EDMONTON -- After an eventful offseason highlighted by the selection of center Connor McDavid with the No. 1 pick at the 2015 NHL Draft, the Edmonton Oilers are a much different team than the one that was 28th in the NHL standings last season.
Not only did the Oilers win the NHL Draft Lottery on April 18, they also made sweeping changes to the front office and coaching staff before drafting McDavid on June 26.
Two days after winning the lottery for the fourth time in the past six years, Edmonton put former Hockey Canada president Bob Nicholson in charge, naming him CEO of Oilers Entertainment Group.
Before the week was out, Nicholson replaced general manager Craig MacTavish with former Boston Bruins GM Peter Chiarelli, who in turn hired former San Jose Sharks coach Todd McLellan.
The arrival of McDavid, along with the changes to management and behind the bench, has brought about renewed optimism in Edmonton. The Oilers have not qualified for the Stanley Cup Playoffs since reaching the 2006 Stanley Cup Final but are hoping their streak of futility soon will come to an end.
McDavid is one of four No. 1 draft picks on the Oilers roster, joining Taylor Hall (2010), Ryan Nugent-Hopkins (2011) and Nail Yakupov (2012).
Considered a generational talent and the most hyped player to enter the NHL since Sidney Crosby in 2005, McDavid adds to a young, talented group of forwards. Along with its four No. 1 picks, Edmonton also features first-round selections Jordan Eberle, Benoit Pouliot and Leon Draisaitl.
Hall, 23, is expected to be the catalyst of the group. As he enters his sixth season, Hall has emerged as one of the Oilers' leaders. He has welcomed a mentorship role with McDavid, allowing the rookie to move into his home.
"For myself, it's exciting to have a guy like that come in," Hall said. "Whether he's 18 years old or not, he's got a ton of talent and there's no question he's going to help our team. For him, it's just about making him feel as comfortable as possible. He's 18 years old, he's a young guy, but I think he's going to fit in really well with us."
Hall was the highest-scoring left wing in the NHL two seasons ago (80 points), but he struggled with injuries last season and had 14 goals and 38 points in 53 games. McDavid's arrival should take pressure off Hall offensively.
"This year I just want to take a load off myself, not put so much pressure on myself to change games and to be that guy every night," Hall said. "It's one of those things that has hurt me in the past, and I'm looking forward to just playing my game and trying to help out my linemates and help out my team as much as I can."
Also taking some of the offensive burden off Hall will be Nugent-Hopkins, Eberle, Pouliot and Yakupov.
Eberle, 25, was Edmonton's leading scorer last season with 63 points (24 goals, 39 assists) in 81 games. Nugent-Hopkins, 22, had 24 goals and was second in scoring with 56 points in 76 games.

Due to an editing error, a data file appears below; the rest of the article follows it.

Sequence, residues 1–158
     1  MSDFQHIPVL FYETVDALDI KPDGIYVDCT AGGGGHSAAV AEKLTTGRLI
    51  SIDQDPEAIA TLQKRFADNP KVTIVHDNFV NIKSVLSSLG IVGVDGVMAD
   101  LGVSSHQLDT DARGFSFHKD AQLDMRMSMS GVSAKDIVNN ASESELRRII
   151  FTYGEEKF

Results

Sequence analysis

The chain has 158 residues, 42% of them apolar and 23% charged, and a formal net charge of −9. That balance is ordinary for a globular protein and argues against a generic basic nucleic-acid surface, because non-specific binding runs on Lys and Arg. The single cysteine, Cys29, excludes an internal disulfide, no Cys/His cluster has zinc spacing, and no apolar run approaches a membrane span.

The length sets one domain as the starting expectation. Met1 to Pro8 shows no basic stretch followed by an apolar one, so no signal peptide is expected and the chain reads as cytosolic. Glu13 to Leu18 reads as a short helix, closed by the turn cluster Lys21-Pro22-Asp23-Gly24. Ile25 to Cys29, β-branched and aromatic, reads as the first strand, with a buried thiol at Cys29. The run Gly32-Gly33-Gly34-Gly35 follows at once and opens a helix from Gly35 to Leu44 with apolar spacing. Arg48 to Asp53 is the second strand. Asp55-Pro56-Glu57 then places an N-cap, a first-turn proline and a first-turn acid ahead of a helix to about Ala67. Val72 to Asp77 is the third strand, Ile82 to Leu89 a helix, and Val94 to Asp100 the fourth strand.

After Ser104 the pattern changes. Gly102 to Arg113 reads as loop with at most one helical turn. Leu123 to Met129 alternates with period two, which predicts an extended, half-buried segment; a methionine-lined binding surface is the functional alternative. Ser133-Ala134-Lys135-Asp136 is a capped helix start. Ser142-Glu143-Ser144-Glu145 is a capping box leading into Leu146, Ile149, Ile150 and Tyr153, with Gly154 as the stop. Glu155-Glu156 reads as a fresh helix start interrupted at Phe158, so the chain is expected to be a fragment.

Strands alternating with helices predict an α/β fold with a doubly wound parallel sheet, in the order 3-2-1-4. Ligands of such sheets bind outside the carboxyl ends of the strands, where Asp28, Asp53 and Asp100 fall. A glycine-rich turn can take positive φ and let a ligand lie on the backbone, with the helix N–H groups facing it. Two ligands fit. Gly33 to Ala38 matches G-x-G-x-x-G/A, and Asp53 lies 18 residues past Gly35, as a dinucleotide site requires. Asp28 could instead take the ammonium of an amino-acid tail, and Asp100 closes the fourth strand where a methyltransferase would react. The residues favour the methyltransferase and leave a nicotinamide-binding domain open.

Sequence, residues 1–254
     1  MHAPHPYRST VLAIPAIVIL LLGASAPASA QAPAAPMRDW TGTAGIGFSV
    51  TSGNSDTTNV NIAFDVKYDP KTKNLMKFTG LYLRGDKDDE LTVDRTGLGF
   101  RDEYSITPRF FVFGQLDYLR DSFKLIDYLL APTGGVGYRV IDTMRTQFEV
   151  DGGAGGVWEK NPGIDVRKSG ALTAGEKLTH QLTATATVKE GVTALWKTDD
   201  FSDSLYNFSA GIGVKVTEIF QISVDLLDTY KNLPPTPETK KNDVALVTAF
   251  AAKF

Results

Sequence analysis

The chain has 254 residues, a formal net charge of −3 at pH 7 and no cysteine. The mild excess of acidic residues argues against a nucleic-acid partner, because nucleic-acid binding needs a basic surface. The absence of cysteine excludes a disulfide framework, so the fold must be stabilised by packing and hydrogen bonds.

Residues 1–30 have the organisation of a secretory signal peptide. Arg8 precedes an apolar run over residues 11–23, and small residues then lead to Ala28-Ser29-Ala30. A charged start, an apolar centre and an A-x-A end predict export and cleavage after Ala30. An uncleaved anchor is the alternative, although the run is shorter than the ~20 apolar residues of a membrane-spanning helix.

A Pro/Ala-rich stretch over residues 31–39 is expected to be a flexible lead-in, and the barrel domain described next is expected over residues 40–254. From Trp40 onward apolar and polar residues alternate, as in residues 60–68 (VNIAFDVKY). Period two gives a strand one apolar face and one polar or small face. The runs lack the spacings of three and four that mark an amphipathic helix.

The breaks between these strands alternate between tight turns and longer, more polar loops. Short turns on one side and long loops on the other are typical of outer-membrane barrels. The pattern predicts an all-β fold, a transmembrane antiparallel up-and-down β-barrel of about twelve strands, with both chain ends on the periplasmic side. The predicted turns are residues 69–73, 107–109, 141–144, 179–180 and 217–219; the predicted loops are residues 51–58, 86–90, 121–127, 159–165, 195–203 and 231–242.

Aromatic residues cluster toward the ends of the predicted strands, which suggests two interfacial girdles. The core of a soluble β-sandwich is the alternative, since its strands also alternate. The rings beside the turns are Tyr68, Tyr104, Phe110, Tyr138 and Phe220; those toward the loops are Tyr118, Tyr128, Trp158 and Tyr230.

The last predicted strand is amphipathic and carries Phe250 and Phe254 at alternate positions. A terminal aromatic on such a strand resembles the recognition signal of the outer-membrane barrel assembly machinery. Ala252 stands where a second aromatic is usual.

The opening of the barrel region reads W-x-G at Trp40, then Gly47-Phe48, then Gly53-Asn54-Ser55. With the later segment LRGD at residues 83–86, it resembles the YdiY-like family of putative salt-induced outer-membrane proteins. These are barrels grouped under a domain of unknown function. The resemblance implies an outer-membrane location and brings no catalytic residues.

"There have been some moves for us in the offseason and there have been a lot of positive things going on," Nugent-Hopkins said. "It's all looking up and it's all about getting out there and performing."
Pouliot, selected fourth by the Minnesota Wild in the 2005 draft, signed a five-year contract reportedly worth $20 million after going to the Stanley Cup Final with the New York Rangers in 2014. He scored an NHL career-high 19 goals in 58 games with the Oilers and is hoping to build on a strong season.
"You can feel the atmosphere being different in the city and the guys in the room. It's going to be fun," Pouliot, 28, said. "There have been a lot of changes, a lot of things happened and they were all good."
Keeping the puck out of their net has been a problem for the Oilers in recent seasons. They gave up the most goals in the League each of the past two seasons.
In an effort to improve the defense, Chiarelli signed free agent defenseman Andrej Sekera to a six-year contract reportedly worth $33 million on July 1. The Oilers also traded for Eric Gryba and Griffin Reinhart, who was selected fourth by the New York Islanders in the 2012 NHL Draft.
Sekera is the key addition, bringing to Edmonton a top-pair defenseman who can contribute at each end of the ice. He had a number of options this summer but felt the Oilers were a good fit for hm.
"I saw the change up top and they were two guys that were successful in what they do," Sekera said of Chiarelli and McLellan. "Then I looked at the roster and they have a lot of talent and a lot of youth. They are building something very nice here. And if they can be guided in the right direction they can be very successful. So I'd like to be part of it."